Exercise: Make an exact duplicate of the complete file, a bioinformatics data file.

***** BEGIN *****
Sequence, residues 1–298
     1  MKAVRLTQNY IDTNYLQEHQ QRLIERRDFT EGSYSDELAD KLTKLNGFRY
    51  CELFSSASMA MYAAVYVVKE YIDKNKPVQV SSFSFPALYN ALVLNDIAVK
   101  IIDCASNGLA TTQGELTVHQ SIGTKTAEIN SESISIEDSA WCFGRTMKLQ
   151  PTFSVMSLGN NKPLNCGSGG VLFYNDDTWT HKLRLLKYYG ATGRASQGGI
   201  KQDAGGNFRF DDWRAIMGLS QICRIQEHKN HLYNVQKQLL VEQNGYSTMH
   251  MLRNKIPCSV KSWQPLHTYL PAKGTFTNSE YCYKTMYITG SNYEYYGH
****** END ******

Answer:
Sequence, residues 1–298
     1  MKAVRLTQNY IDTNYLQEHQ QRLIERRDFT EGSYSDELAD KLTKLNGFRY
    51  CELFSSASMA MYAAVYVVKE YIDKNKPVQV SSFSFPALYN ALVLNDIAVK
   101  IIDCASNGLA TTQGELTVHQ SIGTKTAEIN SESISIEDSA WCFGRTMKLQ
   151  PTFSVMSLGN NKPLNCGSGG VLFYNDDTWT HKLRLLKYYG ATGRASQGGI
   201  KQDAGGNFRF DDWRAIMGLS QICRIQEHKN HLYNVQKQLL VEQNGYSTMH
   251  MLRNKIPCSV KSWQPLHTYL PAKGTFTNSE YCYKTMYITG SNYEYYGH